The hopeful news is there is so much we can do make our streets safe, and prioritize our most vulnerable communities. For decades, we have had the proven countermeasures and interventions to improve traffic safety. We have watched as other countries made incredible progress towards this goal. Now, at a time when almost 40,000 lives are lost each year in crashes, we must bring together the knowledge, commitment and leadership necessary to join other countries in working towards a goal of zero deaths.

The United States can reach the goal of zero traffic deaths, saving lives and improving access. But to do so, we need to make a commitment, individually and as a nation to prioritize safety. We hope President Biden will join us in our commitment.

Sign On to Ask President Biden to Commit to Zero

Join leading roadway safety organizations and advocates as they call on President Biden and his administration to commit to reducing roadway fatalities to zero by 2050 as supported by the Road to Zero Coalition strategy and report. The letter will demonstrate our collective voice and the power of zero. An initial copy of the letter was sent to President Biden on Jan. 20. Read the letter and sign on here.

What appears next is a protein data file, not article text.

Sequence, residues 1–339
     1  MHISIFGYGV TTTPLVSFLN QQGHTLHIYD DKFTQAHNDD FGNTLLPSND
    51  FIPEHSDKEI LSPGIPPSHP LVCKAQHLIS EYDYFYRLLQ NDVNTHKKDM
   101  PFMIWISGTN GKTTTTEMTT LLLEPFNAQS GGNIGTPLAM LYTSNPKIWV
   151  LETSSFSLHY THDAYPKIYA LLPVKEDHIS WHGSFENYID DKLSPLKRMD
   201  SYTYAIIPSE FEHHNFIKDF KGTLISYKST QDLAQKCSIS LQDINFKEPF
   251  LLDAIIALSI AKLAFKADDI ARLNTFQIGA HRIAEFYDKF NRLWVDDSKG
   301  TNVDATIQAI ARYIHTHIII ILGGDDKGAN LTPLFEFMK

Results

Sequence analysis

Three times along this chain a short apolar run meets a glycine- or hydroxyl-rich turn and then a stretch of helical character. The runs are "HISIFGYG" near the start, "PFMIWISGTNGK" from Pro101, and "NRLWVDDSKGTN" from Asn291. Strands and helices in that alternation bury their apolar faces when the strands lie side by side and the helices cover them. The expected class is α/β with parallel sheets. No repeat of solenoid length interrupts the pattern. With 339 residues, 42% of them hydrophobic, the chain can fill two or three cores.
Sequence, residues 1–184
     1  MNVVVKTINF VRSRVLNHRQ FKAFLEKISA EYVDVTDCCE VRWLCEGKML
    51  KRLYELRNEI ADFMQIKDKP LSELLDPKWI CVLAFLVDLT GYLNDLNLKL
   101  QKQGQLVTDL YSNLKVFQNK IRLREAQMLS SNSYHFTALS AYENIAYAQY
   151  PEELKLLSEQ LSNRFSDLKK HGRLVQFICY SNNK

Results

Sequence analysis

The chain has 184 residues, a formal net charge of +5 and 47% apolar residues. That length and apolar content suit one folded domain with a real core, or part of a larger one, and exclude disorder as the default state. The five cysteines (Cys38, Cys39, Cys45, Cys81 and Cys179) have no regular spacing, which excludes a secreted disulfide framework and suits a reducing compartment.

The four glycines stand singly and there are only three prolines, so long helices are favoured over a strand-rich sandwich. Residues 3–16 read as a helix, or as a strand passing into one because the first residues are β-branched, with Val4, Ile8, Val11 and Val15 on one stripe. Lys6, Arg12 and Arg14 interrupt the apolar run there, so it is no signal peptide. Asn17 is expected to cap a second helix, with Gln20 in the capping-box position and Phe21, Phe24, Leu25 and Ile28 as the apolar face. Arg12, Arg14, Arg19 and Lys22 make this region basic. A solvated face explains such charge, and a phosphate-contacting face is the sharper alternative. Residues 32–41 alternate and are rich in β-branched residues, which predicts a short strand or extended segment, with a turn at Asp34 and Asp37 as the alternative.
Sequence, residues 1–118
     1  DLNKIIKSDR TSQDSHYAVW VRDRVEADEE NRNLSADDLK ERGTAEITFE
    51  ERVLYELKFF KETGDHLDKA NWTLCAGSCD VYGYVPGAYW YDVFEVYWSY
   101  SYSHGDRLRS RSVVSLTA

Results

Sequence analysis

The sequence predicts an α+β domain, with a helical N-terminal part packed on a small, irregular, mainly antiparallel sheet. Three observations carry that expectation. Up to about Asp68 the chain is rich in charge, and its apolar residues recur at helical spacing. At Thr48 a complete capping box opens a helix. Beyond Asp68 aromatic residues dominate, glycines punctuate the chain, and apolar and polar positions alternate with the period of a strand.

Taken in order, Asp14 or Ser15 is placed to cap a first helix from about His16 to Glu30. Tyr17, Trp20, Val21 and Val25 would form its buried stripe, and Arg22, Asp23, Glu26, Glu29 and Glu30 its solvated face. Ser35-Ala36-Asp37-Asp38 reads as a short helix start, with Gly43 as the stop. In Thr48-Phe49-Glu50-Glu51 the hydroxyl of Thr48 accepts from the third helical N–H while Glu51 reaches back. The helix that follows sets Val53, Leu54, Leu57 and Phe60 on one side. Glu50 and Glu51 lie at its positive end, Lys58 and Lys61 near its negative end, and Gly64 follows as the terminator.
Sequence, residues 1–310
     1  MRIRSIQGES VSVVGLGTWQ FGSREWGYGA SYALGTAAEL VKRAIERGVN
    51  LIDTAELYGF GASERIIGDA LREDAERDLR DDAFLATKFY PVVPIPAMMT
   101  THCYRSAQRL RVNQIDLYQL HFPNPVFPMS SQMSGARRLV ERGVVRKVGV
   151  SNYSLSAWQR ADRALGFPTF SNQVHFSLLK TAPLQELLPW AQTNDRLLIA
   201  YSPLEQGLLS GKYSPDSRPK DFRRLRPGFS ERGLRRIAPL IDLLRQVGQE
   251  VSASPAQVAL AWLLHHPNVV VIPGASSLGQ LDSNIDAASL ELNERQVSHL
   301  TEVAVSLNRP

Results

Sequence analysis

Join the #ZeroTrafficDeaths Conversation

You have the power to grow this movement. One in seven Americans knows someone personally impacted in a crash. Click here to download instructions on how to share your story and amplify our message on why zero is the only acceptable number of traffic deaths. 

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Americans deserve a national leader who will put an end to deaths on our roads, end this preventable public health crisis and address the staggering numbers around traffic safety, including:

  • 40,000: The approximate number of people killed in crashes every year in the U.S. for each of the past five years -- the equivalent of a regional plane crashing every day -- twice the number murdered by guns and on par with the opioid epidemic; an additional 53,000 Americans die from the exhaust and vehicle pollution. Three million Americans are injured in car crashes annually.